The publication in April 2021 of the Imperial College London Phase II study investigating the efficacy of psilocybin-assisted therapy vs. escitalopram for depression reported differences in the primary outcome measure (the QIDS-SR16) between experimental and control arms as statistically insignificant (1). However, secondary measures of depression, and other relevant measures (see Appendix), favored psilocybin to escitalopram. Soon thereafter, a range of expert commentaries offered interpretations, including that the researchers were unfortunate in their choice of pre-registered primary outcome, the trial was underpowered perhaps revealing an overconfidence in designing the study, and the limitations of depression rating measures to capture the return of positive mood and well-being.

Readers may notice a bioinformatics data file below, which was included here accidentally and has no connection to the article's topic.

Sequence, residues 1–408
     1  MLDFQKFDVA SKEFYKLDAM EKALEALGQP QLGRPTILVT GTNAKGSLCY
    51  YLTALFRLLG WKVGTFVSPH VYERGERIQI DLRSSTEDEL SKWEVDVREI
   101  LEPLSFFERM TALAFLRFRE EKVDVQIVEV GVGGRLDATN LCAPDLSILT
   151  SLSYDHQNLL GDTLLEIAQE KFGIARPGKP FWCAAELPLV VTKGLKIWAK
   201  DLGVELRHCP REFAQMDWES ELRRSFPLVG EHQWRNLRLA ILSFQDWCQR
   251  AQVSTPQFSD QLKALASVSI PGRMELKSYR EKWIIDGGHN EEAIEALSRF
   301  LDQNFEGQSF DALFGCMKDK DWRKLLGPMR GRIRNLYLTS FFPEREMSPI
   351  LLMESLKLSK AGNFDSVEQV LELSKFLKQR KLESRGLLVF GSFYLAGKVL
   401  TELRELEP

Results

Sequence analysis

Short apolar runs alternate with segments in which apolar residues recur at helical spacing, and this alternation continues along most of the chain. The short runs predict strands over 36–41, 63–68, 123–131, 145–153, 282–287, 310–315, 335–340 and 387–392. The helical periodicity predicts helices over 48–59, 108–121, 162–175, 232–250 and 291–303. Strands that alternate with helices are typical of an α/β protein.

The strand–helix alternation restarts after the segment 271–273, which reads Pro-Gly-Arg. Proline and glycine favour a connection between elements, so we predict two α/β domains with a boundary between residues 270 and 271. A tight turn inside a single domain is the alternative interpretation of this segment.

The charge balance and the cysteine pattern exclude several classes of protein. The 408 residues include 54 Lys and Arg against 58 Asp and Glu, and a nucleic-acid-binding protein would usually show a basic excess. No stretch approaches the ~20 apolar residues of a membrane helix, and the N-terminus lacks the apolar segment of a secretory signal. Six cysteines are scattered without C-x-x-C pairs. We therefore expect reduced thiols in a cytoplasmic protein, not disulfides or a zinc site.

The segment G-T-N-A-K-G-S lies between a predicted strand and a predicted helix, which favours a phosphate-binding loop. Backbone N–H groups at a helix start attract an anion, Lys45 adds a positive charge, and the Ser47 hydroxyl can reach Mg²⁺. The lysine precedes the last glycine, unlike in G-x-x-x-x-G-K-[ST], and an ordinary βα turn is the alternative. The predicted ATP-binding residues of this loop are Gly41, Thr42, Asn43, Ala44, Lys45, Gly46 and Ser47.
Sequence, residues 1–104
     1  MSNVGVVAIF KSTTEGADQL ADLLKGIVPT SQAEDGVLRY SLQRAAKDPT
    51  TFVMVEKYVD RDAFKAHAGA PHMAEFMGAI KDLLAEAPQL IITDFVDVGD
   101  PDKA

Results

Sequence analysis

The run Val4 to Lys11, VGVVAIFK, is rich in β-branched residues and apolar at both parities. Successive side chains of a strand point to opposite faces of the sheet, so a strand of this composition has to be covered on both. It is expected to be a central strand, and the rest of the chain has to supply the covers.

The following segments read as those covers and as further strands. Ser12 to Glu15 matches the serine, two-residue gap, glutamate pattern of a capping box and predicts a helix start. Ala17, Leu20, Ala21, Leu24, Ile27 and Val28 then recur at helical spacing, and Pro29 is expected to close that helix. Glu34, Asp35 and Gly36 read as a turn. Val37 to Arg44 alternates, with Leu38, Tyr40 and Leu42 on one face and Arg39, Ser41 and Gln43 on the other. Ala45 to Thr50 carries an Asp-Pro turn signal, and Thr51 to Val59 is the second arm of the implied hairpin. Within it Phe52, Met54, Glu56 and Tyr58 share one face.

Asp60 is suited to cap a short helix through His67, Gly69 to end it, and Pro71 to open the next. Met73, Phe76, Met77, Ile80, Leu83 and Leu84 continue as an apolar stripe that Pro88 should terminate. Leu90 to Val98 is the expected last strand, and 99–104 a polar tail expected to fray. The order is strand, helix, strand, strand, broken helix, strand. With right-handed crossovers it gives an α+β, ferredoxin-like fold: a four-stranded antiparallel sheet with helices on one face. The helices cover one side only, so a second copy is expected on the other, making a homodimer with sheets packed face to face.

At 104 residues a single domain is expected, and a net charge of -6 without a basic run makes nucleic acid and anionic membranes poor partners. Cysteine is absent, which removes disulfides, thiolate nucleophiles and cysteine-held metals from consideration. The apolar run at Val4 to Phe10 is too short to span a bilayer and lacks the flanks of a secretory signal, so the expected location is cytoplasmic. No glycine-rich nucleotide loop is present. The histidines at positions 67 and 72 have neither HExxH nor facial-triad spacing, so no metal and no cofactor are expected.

Partially in response to these publications, discussions in research and online communities have grown around the over-hyping of psychedelic treatments, bringing into focus concerns over psychedelic therapy trial methodology [for a peer-reviewed critique, see (2)]. This opinion piece explores these concerns to propose a response to this special issue’s question, “Can Psychedelic Therapies Open a New Frontier in Mental Healthcare (Or Will the Bubble Burst)?” Drawing on our experiences of working within psychedelic clinical trials and NHS psychiatry, we offer here a deflationary answer to this question, suggesting both will occur and outlining some of the facets, stakes and opportunities entailed.